The city of Tyler will bring in an independent, third-party environmental firm to evaluate its water system and processes, following concerns about unusually high levels of chemicals called haloaceticacids.
Tyler water customers received letters last week about the spike in haloacetic acids, which Mayor Martin Heines said in a press conference on Wednesday was the result of heavy spring rains.
He stressed that the water is safe to drink - he even sipped some for a dry throat during the press conference.
“According to the professional staff at the water department, it is believed that the surge in haloacetic acids in our system was caused by an increase in organic materials in our water supply,” Heines explained. “This occurred when intense rains in the spring caused organic materials in the watershed to be swept into the water source.”
The increase was detected by a Texas Commission on Environmental Quality’s subcontractor, when doing regulatory quarterly measurements for the agency. The peak occurred in May and the levels have been declining since then.
“I would like to stress that I remain confidence in the Tyler water system,” Heines said.
But because of the level of public concern - due in part to a Facebook post by environmental activist Erin Brockovich - the city is “taking the situation very seriously,” Heines said.
“I have asked the city manager to hire an independent, third-party expert who has never done work for the city of Tyler to evaluate both the facilities and protocols of our water department,” he said.
That firm, Enprotec/Hibbs & Todd, Inc., is based in Abilene. A report could come within two weeks, Heines said, and all results will be made public. The firm will begin work on Monday, Nov. 9. Other water quality issues, including chlorine levels throughout the system, also will be examined.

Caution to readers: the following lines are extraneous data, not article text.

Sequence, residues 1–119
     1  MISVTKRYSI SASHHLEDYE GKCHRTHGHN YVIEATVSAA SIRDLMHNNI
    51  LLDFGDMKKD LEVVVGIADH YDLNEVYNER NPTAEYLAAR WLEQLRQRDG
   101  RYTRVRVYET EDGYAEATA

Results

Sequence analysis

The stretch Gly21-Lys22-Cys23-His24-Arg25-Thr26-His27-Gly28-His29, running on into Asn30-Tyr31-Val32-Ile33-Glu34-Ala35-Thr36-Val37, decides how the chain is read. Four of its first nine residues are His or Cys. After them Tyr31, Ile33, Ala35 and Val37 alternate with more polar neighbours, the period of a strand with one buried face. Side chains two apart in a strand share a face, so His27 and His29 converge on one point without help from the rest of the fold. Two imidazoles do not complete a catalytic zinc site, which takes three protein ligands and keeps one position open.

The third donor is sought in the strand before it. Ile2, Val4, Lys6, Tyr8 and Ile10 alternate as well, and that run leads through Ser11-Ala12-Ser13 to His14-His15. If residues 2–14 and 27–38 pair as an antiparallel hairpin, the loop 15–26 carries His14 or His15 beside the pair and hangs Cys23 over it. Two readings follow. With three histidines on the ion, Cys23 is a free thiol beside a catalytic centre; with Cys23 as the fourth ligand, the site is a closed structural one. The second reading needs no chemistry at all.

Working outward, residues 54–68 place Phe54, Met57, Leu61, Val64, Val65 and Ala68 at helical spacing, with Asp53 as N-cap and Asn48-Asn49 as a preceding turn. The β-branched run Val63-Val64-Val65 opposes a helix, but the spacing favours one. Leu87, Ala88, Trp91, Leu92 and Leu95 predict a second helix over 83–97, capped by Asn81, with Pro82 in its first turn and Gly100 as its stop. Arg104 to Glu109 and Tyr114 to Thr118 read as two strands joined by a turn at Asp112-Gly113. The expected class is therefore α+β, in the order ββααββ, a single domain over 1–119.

No fee has been established, Heines said, because he wants the firm to be free to look into all aspects of the water system and pursue any investigation it feels is warranted.
“We will be monitoring costs, however,” Heines said.
Northeast Texas Public Health District officials attended the press conference but did not speak.
However, Dr. Jeffrey Levin, an occupational and environmental health sciences professor for UT Health Northeast, expressed his confidence in Tyler water.
“I’ve lived here for 28 years, and I have no concerns,” he said. “I drink the water daily. It’s probably better water, qualitatively, than most anywhere I’ve been.”
• Tyler Water Utilities serves a population of approximately 109,242 people through 36,414 residential service connections, according to the Texas Commission on Environmental Quality.
• The city uses surface water from Lake Palestine and Tyler and has eight active wells and four emergency wells.
• The city’s average production is 29 million gallons a day, with a peak daily production of 49.6 million gallons in a day. It has a production capability of 72 million gallons a day.
• The water is treated with chloramines, a mixture of chlorine and ammonia. The use of ammonia helps reduce the amount of byproducts in the water from the chlorine and keeps residuals in the water longer, according to the city.